n June 2005 ETC Group began discussions with a number of governments, intergovernmental agencies, and civil society organizations in Geneva and elsewhere with the intent of developing a long-term strategy to address the introduction of significant new technologies. Although some parties would like to see a sui generis Nanotech Protocol similar to the Biosafety Protocol, there is growing sympathy for ending the ‘crisis cycle’ that has dogged new technologies in recent years by establishing an intergovernmental framework that would allow for the monitoring and evaluation of new technologies as they evolve from initial scientific discovery to possible commercialization.
ETC Group argues that a generic, transparent, facility could earn the confidence of governments and society as well as of the scientific community and could reduce unproductive posturing and polemic debate. For the purpose of discussion, ETC group has called this new facility ICENT.
A legally binding United Nations Treaty either negotiated through a Specialized Agency such as UNCTAD or the ILO, or through ECOSOC’s Commission on Sustainable Development (CSD), ICENT is designed to provide an early warning/early listening system capable of monitoring any significant new technology.
South governments will welcome the early warning, open assessment, and facilitated access elements of the initiative. Some risk assessment and regulatory expenses would be secured at the international level. The North – including scientific organizations, industry, and governments – will welcome an end to unpredictability and societal distrust and the establishment of a generalized, non-crisis approach to technology diffusion. Civil society will welcome a transparent and participatory process with both early listening and technology conservation/diversification potential.
To create a socio-political and scientific environment for the sound and timely evaluation of new technologies in a participatory and transparent process that supports societal understanding, encourages scientific discovery, and facilitates equitable benefit-sharing. Further, to ensure the conservation of useful, conventional or culturally distinct technologies and, in particular, to promote technological diversification and decentralization.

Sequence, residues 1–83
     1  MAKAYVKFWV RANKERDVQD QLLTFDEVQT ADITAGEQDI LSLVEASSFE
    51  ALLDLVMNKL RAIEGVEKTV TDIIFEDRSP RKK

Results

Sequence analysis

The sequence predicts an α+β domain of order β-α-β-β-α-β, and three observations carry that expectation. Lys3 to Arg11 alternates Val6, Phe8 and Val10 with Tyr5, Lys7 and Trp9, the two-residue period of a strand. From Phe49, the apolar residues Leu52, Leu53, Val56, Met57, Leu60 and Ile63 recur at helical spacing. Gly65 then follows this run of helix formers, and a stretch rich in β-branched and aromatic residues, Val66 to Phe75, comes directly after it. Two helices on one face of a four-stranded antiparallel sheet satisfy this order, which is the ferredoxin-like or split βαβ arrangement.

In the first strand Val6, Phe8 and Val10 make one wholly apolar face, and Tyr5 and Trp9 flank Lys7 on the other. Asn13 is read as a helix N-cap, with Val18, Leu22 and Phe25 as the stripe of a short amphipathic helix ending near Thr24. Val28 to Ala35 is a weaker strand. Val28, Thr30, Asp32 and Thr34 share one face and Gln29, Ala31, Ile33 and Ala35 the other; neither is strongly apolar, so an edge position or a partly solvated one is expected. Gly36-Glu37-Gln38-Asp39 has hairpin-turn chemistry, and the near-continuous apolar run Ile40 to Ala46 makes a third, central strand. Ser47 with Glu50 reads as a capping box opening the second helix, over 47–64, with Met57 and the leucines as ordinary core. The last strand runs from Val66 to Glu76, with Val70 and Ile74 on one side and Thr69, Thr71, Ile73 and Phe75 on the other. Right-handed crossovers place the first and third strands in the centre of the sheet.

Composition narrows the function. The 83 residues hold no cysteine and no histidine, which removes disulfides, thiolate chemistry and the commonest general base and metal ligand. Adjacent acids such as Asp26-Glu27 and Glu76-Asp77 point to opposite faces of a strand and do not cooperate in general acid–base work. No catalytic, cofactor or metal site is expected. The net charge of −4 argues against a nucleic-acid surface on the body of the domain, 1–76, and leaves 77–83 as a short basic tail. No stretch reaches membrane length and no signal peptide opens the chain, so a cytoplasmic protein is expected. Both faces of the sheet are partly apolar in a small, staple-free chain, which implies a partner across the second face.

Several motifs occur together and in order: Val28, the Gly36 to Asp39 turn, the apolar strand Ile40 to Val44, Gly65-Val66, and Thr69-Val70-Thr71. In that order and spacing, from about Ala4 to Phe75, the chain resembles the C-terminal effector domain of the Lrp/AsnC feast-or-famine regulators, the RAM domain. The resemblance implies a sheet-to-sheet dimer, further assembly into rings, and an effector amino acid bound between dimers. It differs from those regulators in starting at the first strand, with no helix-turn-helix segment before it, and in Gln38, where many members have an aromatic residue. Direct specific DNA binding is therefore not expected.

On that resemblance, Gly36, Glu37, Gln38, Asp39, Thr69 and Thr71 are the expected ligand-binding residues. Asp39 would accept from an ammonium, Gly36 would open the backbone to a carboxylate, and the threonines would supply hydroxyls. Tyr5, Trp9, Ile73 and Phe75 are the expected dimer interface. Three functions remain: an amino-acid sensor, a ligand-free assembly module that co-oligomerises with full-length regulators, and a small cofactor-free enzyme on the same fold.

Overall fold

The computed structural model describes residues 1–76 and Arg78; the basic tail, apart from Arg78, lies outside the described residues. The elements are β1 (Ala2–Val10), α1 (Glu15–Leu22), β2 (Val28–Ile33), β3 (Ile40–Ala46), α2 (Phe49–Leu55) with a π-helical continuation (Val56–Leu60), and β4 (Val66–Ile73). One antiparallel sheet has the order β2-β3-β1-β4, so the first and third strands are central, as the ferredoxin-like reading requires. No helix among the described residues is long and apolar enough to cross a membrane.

Additionally, the process objective is to clarify the need for such a convention; to stimulate high-level and societal discussion, and, to encourage national and regional legislative and institutional initiatives that would compliment an international agreement.
The political process should begin in 2006. ETC Group estimates that governments will take 8-10 years to conclude Treaty negotiations and the ratification process – meaning that ICENT’s work is unlikely to get underway until 2015 or later.
Given the tremendous developments expected in technological convergence at the nano-scale and, in particular, developments in nanobiotechnology (synthetic biology), it is important that negotiations begin as soon as possible. ICENT’s work horizon should run 10-20 years ahead of the likely introduction/commercialization of significant new technologies.
The member states will form a Conference of the Parties to the Convention. COP will be supported by a modest Secretariat and enabled by a Bureau comprised of regionally determined representative states. COP will meet biennially while the Bureau will meet semi-annually. Two expert permanent committees, consisting of all members, will convene annually and will ordinarily report to COP through the Bureau.
COTA, the Committee on Technology Assessment, will identify significant new technologies; establish appropriate evaluation processes for each identified technology; review progress; and recommend each technology’s dismissal, delay or diffusion to COP.
COTDAC, the Committee on Technological Diffusion and Conservation, will promote the conservation and enhancement of conventional/cultural technologies; encourage technological diversification; promote public participation and understanding; and support the diffusion of appropriate new technologies. COTDAC will have the financial resources to support national capacity-building in science and technology, and to encourage broad and equitable dissemination.
Although it will function financially and politically as an independent nongovernmental agency, ACSENT (Advisory Committee for the Socio-Economic and Ecological Evaluation of New Technologies) will be a centre of scientific excellence dedicated to the independent monitoring of science and technology. It will have the resources to offer the international community an alternative or additional perspective on technologies and their dissemination.
Assuming an effective early listening process, the intent is to identify potentially significant new technologies as the science is emerging so that the assessment process runs parallel to – and need not constrain – the research and development process. Preferably, even ‘high-impact’ technologies would clear the assessment process as or before the technology is ready for commercialization.
Source: ETC Group Report, Communiqué No. 89, July-August 2005. See http://www.etcgroup.org/